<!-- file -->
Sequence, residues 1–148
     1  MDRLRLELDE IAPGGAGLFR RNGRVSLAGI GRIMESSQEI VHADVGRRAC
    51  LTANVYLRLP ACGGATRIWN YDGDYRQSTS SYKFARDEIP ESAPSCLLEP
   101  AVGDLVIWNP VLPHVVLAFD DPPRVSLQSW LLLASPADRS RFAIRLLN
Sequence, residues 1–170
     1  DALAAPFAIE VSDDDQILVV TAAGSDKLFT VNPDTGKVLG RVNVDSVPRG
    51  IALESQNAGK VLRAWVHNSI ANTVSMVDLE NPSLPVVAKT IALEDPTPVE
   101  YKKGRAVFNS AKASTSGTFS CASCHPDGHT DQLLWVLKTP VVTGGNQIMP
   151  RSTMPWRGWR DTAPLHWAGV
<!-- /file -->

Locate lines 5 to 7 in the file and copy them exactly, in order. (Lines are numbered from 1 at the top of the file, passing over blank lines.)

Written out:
Sequence, residues 1–170
     1  DALAAPFAIE VSDDDQILVV TAAGSDKLFT VNPDTGKVLG RVNVDSVPRG
    51  IALESQNAGK VLRAWVHNSI ANTVSMVDLE NPSLPVVAKT IALEDPTPVE